Regional Food System Partnerships Program
The Regional Food System Partnerships program supports public-private partnerships that intend to build and strengthen the viability and resilience of local or regional food economies. Projects focus on increasing the availability of locally and regionally produced agricultural products and alleviating unnecessary administrative and technical barriers.

Project Success:
Padilla Farm received a 2021 Regional Food System Partnerships grant to evaluate the need for slaughterhouse facilities for small farms in South Texas. Using the results of the study, Padilla Farm received a Meat and Poultry Processing Expansion Program grant through USDA's Rural Development. The additional grant allowed them to build a facility closer/more central to the producers' location, and they were able to get legislation passed in Texas to allow small producers to send smaller herds of animals to processing facilities.

New Local and Regional Food System Resources
The LAMP Navigator is an interactive tool that contains LAMP grantee data to demonstrate the impact the grant programs have had on local and regional food systems. The tool allows users to explore LAMP grant inputs, activities, and project details.

The Local and Regional Food Systems Resource Guide provides a comprehensive list of permanently available programs supporting local and regional food systems as well as one-time recent programs that aim to help communities actively develop and fulfill their plans and visions for their local and regional food systems. The Local and Regional Food System Resource Guide organizes programs and services by steps in the supply chain: land conservation, production, processing, aggregation-distribution, markets-consumers, and food loss and waste reduction and recycling. It also includes a section on research, education, and technical assistance programming.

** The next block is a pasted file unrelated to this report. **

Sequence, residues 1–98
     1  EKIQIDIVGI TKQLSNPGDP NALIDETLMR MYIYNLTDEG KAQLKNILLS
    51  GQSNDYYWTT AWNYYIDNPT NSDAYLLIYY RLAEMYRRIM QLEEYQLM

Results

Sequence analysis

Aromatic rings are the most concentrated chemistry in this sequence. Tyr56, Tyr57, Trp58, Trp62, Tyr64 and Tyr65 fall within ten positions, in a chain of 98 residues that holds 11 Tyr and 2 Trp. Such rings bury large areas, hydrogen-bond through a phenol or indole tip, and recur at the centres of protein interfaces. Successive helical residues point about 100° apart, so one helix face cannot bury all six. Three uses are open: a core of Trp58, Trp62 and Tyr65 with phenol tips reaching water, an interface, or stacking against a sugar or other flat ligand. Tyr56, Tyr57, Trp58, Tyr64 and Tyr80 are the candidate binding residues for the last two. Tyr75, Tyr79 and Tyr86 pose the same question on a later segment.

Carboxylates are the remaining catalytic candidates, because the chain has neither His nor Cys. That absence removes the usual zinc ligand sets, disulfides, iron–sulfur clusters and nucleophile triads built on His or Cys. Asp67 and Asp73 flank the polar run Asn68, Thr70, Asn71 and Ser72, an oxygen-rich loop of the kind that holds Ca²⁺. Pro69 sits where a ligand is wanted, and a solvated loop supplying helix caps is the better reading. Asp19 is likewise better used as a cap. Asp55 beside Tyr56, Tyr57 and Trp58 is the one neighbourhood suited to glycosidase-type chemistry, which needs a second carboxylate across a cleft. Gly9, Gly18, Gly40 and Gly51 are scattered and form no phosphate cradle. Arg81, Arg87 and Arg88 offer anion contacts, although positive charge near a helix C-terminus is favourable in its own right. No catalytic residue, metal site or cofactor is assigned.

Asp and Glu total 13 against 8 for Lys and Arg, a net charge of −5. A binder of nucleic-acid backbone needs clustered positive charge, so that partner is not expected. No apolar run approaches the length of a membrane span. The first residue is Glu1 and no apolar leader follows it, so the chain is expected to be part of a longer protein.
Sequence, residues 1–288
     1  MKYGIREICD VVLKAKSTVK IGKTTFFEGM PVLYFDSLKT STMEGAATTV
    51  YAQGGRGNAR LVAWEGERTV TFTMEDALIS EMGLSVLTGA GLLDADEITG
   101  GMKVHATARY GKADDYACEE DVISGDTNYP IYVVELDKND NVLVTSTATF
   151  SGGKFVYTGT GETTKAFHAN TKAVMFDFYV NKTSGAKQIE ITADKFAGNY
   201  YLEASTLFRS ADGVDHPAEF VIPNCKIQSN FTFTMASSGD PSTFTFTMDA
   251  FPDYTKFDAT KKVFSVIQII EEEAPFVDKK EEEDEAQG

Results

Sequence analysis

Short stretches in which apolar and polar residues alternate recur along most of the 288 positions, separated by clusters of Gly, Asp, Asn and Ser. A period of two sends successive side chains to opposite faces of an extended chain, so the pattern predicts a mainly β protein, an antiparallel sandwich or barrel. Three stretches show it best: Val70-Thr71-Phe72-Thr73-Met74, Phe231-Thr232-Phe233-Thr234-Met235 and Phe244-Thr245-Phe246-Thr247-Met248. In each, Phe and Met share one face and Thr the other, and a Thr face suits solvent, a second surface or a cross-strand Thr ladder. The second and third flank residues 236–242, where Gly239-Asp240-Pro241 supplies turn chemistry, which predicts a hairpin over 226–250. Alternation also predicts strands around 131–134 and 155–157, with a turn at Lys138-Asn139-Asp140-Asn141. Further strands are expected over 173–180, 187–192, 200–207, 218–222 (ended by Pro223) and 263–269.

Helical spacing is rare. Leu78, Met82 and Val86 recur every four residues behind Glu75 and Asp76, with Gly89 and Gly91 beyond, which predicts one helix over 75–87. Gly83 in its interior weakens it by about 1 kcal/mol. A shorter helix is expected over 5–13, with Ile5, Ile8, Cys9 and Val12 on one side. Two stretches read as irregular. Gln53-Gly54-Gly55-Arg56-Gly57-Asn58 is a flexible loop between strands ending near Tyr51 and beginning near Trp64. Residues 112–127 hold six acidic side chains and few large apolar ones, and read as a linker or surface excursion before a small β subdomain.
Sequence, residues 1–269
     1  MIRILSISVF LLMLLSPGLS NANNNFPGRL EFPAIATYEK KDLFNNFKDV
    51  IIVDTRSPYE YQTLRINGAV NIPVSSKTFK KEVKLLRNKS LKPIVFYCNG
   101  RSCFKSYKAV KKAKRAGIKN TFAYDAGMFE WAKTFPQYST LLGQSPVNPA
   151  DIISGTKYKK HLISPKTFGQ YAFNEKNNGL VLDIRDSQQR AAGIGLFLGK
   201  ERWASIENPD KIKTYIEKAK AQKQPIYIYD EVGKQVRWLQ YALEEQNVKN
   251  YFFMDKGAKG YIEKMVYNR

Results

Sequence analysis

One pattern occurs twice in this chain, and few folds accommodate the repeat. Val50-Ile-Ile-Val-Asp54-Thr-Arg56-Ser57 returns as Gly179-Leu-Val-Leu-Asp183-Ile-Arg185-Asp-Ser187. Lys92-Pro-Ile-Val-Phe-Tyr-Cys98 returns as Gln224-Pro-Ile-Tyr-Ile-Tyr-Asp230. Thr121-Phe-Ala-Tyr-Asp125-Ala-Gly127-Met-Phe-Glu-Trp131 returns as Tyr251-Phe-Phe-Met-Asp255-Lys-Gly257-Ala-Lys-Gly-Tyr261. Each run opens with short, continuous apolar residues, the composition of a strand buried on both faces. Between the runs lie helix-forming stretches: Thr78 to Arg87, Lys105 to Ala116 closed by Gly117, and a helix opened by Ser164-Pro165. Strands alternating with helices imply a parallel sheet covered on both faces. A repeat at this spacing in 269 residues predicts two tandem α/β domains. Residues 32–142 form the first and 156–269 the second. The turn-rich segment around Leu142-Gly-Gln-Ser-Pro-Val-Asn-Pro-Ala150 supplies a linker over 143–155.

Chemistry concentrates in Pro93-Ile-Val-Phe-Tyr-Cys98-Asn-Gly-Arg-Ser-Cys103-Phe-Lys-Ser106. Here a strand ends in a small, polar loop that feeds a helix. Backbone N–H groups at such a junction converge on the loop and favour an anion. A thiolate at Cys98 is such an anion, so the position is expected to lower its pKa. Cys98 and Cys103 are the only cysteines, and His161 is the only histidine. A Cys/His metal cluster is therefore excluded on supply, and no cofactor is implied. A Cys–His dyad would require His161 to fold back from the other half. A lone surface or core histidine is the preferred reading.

The Report to Congress evaluates the LAMP programs, providing both quantitative and qualitative analyses of impacts from each grant program based on self-reporting on grant applications and grantee award reports from 2019 through the 2022 funding cycles. This report responds to a request in the Agriculture Improvement Act of 2018 (commonly known as the Farm Bill) regarding the impacts of the LAMP programs.

LAMP Application Information
Applications must be submitted electronically through by 11:59 p.m. Eastern Time on May 14, 2024. Any grant application submitted after the due date will not be considered unless the applicant provides documentation of an extenuating circumstance that prevented their timely submission of the grant application. Read more in AMS Late and Non-Responsive Application Policy.

AMS encourages applications that serve smaller farms and ranches, new and beginning farmers and ranchers, socially disadvantaged producers, veteran producers, and/or underserved communities. For grants intending to serve these entities, applicants should engage and involve those beneficiaries when developing projects and applications.

AMS offers Request for Applications webinars for new applicants to help walk them through the Request for Applications while also providing helpful hints on what has made past recipients successful. Additionally, Frequently asked questions are posted on the AMS Grants website, and grants management specialists are standing by to answer any incoming questions and emails during regular business hours.